Craig Gundersen - Soybean Industry Endowed Professor in Agricultural Strategy
It’s National Hunger Month, what does this mean to you and the work you do with the Family Resiliency Center?
Food insecurity has garnered increased recognition as a crisis in the United States due to its magnitude (over 40 million Americans were food insecure in 2016) and its serious health consequences and subsequently, higher health care costs. The Family Resiliency Center has been at the forefront of our efforts nationally and in Illinois to reduce food insecurity. This work has examined everything from the household-level determinants of food insecurity to the community-led efforts to alleviate food insecurity to federal nutrition programs. I’m honored to have the opportunity to work with all of them there.
What impact does the Farm Bill have on individuals and families across the US and why is its renewal so important?
The Supplemental Nutrition Assistance Program (SNAP) is an enormously successful program insofar as its central goal is to reduce food insecurity and it achieves this goal with stunning success. Given its size, any comprehensive coverage of paths to lowering food insecurity must involve SNAP. Due to its size, it also constitutes a large proportion of the USDA budget and, therefore, is central to Farm Bill discussions. If one has the goal of further reducing food insecurity, expansions to SNAP would certainly help in meeting this goal; in fact, there is no better way to achieve this goal. Alas, there have been some proposals that would inhibit the ability of SNAP to serve as this critical social safety net. In particular, the entail block granting the program and imposing restrictions on what people can purchase with SNAP. Both of these proposals would have serious negative consequences for the most vulnerable persons in our country.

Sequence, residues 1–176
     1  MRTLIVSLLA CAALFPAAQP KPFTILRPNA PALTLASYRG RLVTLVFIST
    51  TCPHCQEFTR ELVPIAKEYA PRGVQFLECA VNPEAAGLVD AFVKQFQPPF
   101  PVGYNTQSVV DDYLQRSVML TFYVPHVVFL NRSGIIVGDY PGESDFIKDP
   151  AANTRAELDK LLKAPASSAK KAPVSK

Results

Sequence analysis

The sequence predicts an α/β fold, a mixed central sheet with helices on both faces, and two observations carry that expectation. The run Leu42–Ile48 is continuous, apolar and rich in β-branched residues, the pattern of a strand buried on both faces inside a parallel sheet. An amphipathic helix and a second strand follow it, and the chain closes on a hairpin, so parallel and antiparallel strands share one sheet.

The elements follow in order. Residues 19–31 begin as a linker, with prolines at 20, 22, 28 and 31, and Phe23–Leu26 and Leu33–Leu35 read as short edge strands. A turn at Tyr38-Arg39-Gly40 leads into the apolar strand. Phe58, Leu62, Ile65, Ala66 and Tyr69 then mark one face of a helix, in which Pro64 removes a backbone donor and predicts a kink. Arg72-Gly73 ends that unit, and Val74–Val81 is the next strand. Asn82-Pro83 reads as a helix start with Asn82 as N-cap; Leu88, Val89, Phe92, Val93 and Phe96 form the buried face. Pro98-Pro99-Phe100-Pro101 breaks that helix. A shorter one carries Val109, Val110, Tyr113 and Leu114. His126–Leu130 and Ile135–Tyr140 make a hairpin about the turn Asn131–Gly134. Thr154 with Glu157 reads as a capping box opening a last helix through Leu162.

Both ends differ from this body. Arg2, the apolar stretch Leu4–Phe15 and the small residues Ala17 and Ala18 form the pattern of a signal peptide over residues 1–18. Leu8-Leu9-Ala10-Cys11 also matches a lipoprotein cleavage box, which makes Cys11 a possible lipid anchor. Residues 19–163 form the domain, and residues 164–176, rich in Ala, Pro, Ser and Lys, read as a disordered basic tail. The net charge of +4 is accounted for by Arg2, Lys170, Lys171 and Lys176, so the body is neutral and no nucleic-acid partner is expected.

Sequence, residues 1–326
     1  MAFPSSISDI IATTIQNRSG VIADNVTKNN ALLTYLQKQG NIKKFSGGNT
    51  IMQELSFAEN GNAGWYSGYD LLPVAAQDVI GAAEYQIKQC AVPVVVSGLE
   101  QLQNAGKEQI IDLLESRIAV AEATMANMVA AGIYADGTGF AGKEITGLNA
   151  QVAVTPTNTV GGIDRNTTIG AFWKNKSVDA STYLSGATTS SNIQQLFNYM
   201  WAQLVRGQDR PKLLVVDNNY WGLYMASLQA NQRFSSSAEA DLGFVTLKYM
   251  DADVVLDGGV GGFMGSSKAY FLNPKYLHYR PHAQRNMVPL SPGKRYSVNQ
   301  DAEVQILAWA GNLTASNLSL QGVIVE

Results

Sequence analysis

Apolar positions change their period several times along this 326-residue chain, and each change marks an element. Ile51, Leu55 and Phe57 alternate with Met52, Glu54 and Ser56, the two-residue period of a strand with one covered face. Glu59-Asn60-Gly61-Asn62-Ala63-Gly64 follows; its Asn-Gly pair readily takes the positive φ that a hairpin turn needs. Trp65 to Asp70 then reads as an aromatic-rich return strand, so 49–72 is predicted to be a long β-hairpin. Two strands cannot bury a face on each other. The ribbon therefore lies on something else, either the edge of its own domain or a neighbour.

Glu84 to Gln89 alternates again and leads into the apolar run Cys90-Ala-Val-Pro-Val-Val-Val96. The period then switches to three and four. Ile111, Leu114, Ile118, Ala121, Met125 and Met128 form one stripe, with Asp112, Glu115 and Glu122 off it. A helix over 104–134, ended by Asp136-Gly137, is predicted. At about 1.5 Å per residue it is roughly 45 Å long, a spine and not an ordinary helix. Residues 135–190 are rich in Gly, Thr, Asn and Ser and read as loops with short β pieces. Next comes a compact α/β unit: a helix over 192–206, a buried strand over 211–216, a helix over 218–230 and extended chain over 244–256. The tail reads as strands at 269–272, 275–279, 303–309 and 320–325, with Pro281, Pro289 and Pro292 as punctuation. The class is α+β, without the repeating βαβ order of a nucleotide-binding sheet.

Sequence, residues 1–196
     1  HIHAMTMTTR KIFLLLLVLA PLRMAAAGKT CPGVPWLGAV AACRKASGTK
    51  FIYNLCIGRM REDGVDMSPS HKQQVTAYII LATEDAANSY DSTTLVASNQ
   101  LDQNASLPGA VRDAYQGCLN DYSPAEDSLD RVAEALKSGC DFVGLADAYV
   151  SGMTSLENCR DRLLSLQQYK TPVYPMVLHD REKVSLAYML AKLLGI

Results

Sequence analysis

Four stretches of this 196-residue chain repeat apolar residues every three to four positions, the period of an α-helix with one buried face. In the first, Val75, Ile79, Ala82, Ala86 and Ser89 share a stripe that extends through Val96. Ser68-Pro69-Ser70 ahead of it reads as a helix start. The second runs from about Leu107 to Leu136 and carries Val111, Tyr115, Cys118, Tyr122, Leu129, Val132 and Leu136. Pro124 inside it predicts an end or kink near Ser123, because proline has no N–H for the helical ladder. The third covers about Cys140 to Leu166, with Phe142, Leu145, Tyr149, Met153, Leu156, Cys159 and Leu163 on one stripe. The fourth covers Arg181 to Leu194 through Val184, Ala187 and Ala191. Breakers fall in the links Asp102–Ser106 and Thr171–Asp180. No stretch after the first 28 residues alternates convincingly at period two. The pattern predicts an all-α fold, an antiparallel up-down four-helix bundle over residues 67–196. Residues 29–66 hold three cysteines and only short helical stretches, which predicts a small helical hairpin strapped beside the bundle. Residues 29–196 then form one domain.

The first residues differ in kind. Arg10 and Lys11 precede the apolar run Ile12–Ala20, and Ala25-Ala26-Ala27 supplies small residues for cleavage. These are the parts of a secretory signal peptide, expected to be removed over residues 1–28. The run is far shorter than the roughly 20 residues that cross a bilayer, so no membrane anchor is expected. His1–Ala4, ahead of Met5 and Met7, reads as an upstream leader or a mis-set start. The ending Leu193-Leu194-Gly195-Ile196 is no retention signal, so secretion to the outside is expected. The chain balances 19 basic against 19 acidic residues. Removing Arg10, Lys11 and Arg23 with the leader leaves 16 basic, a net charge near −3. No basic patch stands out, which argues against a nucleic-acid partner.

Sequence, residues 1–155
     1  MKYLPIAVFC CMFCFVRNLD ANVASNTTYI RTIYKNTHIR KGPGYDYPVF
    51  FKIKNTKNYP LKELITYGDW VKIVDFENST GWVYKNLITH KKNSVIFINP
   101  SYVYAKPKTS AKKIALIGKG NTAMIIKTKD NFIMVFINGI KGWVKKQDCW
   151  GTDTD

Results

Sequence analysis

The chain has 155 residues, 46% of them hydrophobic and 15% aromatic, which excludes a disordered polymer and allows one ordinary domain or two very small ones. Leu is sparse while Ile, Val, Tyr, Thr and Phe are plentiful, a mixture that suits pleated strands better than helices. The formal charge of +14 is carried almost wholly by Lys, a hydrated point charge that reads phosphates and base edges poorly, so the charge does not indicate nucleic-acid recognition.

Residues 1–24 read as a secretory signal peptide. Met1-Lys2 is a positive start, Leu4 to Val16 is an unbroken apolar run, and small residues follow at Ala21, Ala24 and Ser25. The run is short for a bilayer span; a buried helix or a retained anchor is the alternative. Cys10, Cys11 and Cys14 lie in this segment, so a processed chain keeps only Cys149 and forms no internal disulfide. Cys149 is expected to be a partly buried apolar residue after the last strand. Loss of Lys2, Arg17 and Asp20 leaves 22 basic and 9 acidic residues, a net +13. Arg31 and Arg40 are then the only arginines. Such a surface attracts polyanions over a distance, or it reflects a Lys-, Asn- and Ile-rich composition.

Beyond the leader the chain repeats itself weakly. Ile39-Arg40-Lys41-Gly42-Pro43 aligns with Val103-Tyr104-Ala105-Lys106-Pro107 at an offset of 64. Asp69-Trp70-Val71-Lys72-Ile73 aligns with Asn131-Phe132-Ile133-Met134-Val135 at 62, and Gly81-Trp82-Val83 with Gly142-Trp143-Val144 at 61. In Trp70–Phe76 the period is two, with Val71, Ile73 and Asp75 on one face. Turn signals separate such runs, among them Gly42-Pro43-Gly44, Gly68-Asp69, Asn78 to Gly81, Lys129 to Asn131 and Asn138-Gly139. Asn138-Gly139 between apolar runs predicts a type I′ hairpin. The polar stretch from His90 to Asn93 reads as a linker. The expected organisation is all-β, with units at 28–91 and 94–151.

Speaking of food, what is your favorite meal?
Brats cooked in a very specific way. Namely, as follows:
20 - brats (I always use Johnsonville Brats; others would be fine but do not purchase brats that are flavored in some way)
2 - Vidalia onions (other sweet onions can be substituted but one will be happier with Vidalia onions)
4 - 12 oz. Miller High Lifes (this has to be the beer used; one cannot use, say, craft beers or, heaven forbid, Budweiser)
20 - brat buns
condiments if so inclined
Cooking process: After coarsely slicing the onions, put the onions, brats, beer, and 48 ounces of water (i.e., each beer should be matched with the same amount of water) in a large pot. Heat until just boiling, then turn to the lowest setting. Simmer for 2.5 to 3 hours; you may have to add some more beer. Pour over a large colander and put the brats back in the pot. Save the onions remaining in the colander and set aside. Get the grill ready at high heat. (The brats will definitely taste better with a charcoal grill but, if this isn’t available, a gas grill will work.) Since the brats are already cooked, the grilling is just to slightly brown them so only grill for about two minutes a side.
Serving process: Allow people to create the brats as they see fit. I strongly encourage putting the remaining onions over the brats in a bun but others, for some reason, choose not to do so. I will also generally put some deli mustard on as well. My younger son also puts ketchup on but I’m not convinced of the wisdom of that decision.